What Is Feline Hepatic Lipidosis (Fatty Liver Disease in Cats)?

When Caught Early, Fatty Liver Disease Can Be Cured

Cat Portrait
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What Is Fatty Liver Disease and Why Is It Dangerous to Cats?

Geriatric cats are prone to a number of diseases and conditions. One of the more common ones is Fatty Liver Disease, sometimes called Fatty Liver Syndrome (FLS), which is an accumulation of fats (lipids) in the liver tissue. Although the disease is presently considered idiopathic (no known cause), it is thought that it might result from the way cats metabolize proteins and fats.

The disease progresses this way:

  • A previously overweight cat stops eating for whatever reason
  • Lacking food, the body starts sending fat cells to the liver to process into lipoproteins for fuel.
  • Cats' livers are not terribly efficient at processing fat, and much of the fat is stored in the liver cells.
  • Left untreated, eventually, the liver fails and the cat dies.

The symptoms of the fatty liver disease are similar to those of other feline diseases:

  • A previously overweight older cat suddenly becomes anorexic (quits eating) and loses weight;
  • The cat may salivate excessively or vomit.
  • The cat may become very lethargic and may show jaundice (yellowing of the skin) and icterus.

Anorexia and weight loss can also be symptoms of other diseases, such as liver cancer or pancreatic disease. Fatty liver disease can only be accurately diagnosed conclusively through tests. A complete blood profile may indicate increased liver enzymes, and the diagnosis can be confirmed with a liver biopsy done under light anesthesia, with a large needle through the skin.

Although primary FLS can be readily treated if caught early, when left untreated, the disease moves rapidly and is always fatal.

Fatty Liver Disease is Reversible if Caught in Time

The treatment for Fatty Liver Disease is dietary and works quite well in reversing the condition if diagnosed early.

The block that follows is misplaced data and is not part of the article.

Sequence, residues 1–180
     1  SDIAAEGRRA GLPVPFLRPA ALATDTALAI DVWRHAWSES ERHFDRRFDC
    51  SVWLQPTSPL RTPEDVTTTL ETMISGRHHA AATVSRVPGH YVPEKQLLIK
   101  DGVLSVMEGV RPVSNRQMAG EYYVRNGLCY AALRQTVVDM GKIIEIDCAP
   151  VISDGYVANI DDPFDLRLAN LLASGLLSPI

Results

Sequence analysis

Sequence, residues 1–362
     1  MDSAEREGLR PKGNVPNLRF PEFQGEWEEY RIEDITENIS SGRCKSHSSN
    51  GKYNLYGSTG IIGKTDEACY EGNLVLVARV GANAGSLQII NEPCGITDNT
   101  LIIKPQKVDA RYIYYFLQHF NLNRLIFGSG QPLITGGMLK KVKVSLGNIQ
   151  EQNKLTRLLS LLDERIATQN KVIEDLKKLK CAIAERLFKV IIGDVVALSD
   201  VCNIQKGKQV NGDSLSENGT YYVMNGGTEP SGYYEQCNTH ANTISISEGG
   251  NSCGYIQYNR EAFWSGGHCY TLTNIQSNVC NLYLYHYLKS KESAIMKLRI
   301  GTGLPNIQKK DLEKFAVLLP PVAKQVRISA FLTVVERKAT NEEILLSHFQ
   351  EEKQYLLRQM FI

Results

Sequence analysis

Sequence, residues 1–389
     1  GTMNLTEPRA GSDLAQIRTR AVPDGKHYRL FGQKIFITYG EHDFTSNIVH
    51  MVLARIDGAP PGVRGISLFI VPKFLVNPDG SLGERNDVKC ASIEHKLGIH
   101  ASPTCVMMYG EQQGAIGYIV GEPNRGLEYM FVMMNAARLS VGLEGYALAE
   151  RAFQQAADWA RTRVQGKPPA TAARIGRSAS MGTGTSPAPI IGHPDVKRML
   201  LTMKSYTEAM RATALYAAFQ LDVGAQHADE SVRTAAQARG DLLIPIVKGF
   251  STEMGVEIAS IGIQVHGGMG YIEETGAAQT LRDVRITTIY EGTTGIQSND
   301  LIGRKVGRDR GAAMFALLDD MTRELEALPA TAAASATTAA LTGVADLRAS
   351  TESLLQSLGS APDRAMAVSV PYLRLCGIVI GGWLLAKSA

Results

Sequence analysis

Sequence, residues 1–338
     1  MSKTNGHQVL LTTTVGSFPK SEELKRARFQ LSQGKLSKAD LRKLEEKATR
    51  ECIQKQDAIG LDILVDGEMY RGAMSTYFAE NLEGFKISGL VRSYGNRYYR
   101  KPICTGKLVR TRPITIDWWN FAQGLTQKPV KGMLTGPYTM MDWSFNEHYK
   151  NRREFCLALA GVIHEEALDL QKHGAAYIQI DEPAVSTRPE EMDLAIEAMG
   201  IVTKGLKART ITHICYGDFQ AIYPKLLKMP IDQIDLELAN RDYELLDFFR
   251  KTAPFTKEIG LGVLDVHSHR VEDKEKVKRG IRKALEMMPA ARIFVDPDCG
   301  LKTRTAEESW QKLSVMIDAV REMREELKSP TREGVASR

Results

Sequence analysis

The idea is to force feed the cat enough nutrients to reverse the metabolic malfunction that caused the condition in the first place.

This is usually done with a feeding tube which is inserted into the esophagus or stomach by a veterinarian. The cat's caretaker then mixes a formula in a blender and using a syringe, feeds a small amount down the tube several times daily. After a few weeks of the forced diet, the cat can be offered food normally, to test his appetite, although the tubal feeding may need to be continued for up to six or eight weeks until the cat's appetite has fully returned to normal.

Some caregivers who hesitate to encumber the cat with a tube have been successful with syringe feeding directly into their cat's mouth. Extreme care must be taken to feed slowly into the side of the mouth, to prevent aspiration of the food. A formula can be blended with a soft palatable food such as Hills A/D, mixed with low sodium broth or water. Your own veterinarian may prescribe a different formula for your cat.

Fatty Liver Disease May be Secondary to Other Conditions

It is not unusual to see Fatty Liver Disease follow in a cat who is being treated for cancer, FIV, FeLV, or other serious conditions. This is likely to happen because a sick cat simply does not feel like eating, although there may be other factors involved.

Advanced Cases Need Additional Treatment

Cats presenting advanced symptoms (jaundice, seizures) will require hospitalization. Fluids may need to be injected to reverse dehydration, and if liver failure is present, the ensuing toxins will need to be dispersed. Other conditions which need veterinary intervention may also be present.

The good news is that with aggressive nutritional treatment, a cat can fully recover. One veterinarian estimates a 90% recovery rate if a cat with FLS is treated early enough.